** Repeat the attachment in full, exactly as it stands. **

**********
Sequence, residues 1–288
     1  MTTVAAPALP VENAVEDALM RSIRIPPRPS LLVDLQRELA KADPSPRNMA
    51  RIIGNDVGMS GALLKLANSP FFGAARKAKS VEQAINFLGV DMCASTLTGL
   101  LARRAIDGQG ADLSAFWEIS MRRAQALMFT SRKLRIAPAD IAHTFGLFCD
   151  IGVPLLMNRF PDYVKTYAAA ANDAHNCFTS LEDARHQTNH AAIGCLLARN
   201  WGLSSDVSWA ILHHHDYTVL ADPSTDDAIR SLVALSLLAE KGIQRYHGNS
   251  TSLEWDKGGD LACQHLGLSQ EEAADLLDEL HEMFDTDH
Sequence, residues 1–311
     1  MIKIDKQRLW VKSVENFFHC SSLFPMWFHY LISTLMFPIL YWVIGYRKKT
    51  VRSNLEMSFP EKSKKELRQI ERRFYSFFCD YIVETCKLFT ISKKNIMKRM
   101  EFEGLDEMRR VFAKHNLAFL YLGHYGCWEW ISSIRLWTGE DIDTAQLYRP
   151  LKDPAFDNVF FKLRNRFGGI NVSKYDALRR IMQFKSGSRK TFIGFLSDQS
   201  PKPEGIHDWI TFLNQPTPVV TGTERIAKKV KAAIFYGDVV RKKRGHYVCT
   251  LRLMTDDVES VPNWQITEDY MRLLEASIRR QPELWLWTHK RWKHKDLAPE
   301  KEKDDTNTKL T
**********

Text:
Sequence, residues 1–288
     1  MTTVAAPALP VENAVEDALM RSIRIPPRPS LLVDLQRELA KADPSPRNMA
    51  RIIGNDVGMS GALLKLANSP FFGAARKAKS VEQAINFLGV DMCASTLTGL
   101  LARRAIDGQG ADLSAFWEIS MRRAQALMFT SRKLRIAPAD IAHTFGLFCD
   151  IGVPLLMNRF PDYVKTYAAA ANDAHNCFTS LEDARHQTNH AAIGCLLARN
   201  WGLSSDVSWA ILHHHDYTVL ADPSTDDAIR SLVALSLLAE KGIQRYHGNS
   251  TSLEWDKGGD LACQHLGLSQ EEAADLLDEL HEMFDTDH
Sequence, residues 1–311
     1  MIKIDKQRLW VKSVENFFHC SSLFPMWFHY LISTLMFPIL YWVIGYRKKT
    51  VRSNLEMSFP EKSKKELRQI ERRFYSFFCD YIVETCKLFT ISKKNIMKRM
   101  EFEGLDEMRR VFAKHNLAFL YLGHYGCWEW ISSIRLWTGE DIDTAQLYRP
   151  LKDPAFDNVF FKLRNRFGGI NVSKYDALRR IMQFKSGSRK TFIGFLSDQS
   201  PKPEGIHDWI TFLNQPTPVV TGTERIAKKV KAAIFYGDVV RKKRGHYVCT
   251  LRLMTDDVES VPNWQITEDY MRLLEASIRR QPELWLWTHK RWKHKDLAPE
   301  KEKDDTNTKL T